Fortunately, the first topic under the Support Center’s home page is “Popular Queries,” which links to the right topic in the documentation. In this case, the user frustration is not prolonged. (However, the post observes, Skype’s Support Center is the exception to the rule, as many Support Centers do not show Popular Queries.)

The last scenario is the least user-friendly. No where on the first page of Google’s results is there any link to Skype’s documentation.

The first link is to Skype’s forum–that’s good–but unfortunately the content on the page is totally wrong. No help for the random user looking to retrieve their password. There is a link within the forum post to a place where you can ask Skype for help by opening a ticket, but unfortunately this link is also broken (like in the forum post from the previous search) and sends the user to the completely wrong place.

According to the post, the cost of the last search scenario to Skype’s customer experience is high—about 20,000 searches that are dead-ended this way, each month.

Four Tips to Make Your Content the Most Authoritative on Google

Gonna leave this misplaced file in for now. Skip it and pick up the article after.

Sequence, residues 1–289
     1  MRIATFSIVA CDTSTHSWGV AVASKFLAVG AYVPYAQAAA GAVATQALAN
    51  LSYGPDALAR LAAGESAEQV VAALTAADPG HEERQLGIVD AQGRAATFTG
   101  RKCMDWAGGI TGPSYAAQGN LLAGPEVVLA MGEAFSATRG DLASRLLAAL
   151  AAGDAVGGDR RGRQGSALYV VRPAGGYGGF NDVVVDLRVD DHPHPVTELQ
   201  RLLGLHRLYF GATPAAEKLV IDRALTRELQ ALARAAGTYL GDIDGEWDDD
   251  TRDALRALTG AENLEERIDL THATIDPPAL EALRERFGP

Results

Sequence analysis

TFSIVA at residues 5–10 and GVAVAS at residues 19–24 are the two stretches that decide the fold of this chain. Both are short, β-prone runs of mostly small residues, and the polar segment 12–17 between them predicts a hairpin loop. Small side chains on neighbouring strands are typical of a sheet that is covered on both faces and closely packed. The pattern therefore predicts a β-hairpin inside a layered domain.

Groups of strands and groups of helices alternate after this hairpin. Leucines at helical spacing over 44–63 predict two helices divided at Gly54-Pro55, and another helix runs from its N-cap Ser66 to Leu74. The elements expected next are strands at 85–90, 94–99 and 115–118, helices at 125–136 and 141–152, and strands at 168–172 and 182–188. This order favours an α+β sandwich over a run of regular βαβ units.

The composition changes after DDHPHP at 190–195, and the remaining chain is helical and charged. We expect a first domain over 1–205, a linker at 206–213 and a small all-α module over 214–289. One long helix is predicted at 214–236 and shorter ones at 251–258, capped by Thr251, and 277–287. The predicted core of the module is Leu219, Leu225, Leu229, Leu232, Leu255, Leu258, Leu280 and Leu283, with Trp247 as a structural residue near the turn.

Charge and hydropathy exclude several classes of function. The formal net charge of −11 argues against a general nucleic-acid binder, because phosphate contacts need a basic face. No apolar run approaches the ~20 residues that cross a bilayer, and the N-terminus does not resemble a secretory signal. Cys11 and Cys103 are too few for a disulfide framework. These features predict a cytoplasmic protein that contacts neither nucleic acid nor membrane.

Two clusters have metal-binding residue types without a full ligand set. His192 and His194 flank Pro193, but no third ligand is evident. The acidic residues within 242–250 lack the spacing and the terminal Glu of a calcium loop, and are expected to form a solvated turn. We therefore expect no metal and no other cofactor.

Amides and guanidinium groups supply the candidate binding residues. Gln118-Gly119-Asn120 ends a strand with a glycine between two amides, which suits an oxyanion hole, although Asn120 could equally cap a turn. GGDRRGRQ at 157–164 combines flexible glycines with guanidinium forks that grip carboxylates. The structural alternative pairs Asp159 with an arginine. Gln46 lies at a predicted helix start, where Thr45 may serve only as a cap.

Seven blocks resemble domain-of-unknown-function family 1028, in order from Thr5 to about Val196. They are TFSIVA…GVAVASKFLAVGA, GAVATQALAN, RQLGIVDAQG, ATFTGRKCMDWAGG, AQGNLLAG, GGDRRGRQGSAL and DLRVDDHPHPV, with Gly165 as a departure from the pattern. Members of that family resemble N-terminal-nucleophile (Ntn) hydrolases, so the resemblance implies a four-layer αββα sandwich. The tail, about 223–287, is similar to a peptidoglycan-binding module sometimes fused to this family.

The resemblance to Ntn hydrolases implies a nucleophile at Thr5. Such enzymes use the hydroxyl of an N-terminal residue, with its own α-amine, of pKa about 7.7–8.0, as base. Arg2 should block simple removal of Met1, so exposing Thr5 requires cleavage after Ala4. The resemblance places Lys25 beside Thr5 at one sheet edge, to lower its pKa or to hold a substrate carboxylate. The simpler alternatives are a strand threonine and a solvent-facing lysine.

I remember back in graduate school, when my technical writing instructors and work-place mentor advised me that it doesn’t matter how comprehensive or accurate your documentation is, if no one can find it.

They drilled into me early on, the importance of indexing to our documentation efforts. (I blush to think, how many times in the intervening years, however, that developing a good index has slipped by the wayside, out of lack of budgeted time in the schedule, or sometimes for me, the perception that such efforts would not have been regarded as an accountable use of my time.) As technical writers, we must fight this indexing apathy, which we ourselves are as much to blame for as anyone else, whenever and wherever we can, because maintaining and enhancing our search skills is key to our discipline’s prolonged viability. As we hone our basic SEO skills, technical writers must promote our profession as one that has always cared about and been good at, search and information architecture.

So, based on the LugIron Software post, here are ways your organization can ensure your customers find the right answer online, the first time:

  1. Follow Skype’s example and include a Popular Queries page on your Support site to direct customers to your most popular topics.
  2. Place search front and center at your Support Center, giving users an easy way to get what they need. Don’t force users to make decisions about where to find an answer. (For example, is it a knowledge base article? Is it a forum post?)
  3. Optimize most popular topics for more effective SEO. Use the Google Adwords Keyword Tool to get new keyword ideas and ensure that users land on the right topic, regardless for example, of whether they search for “skype lost password” or “skype password.”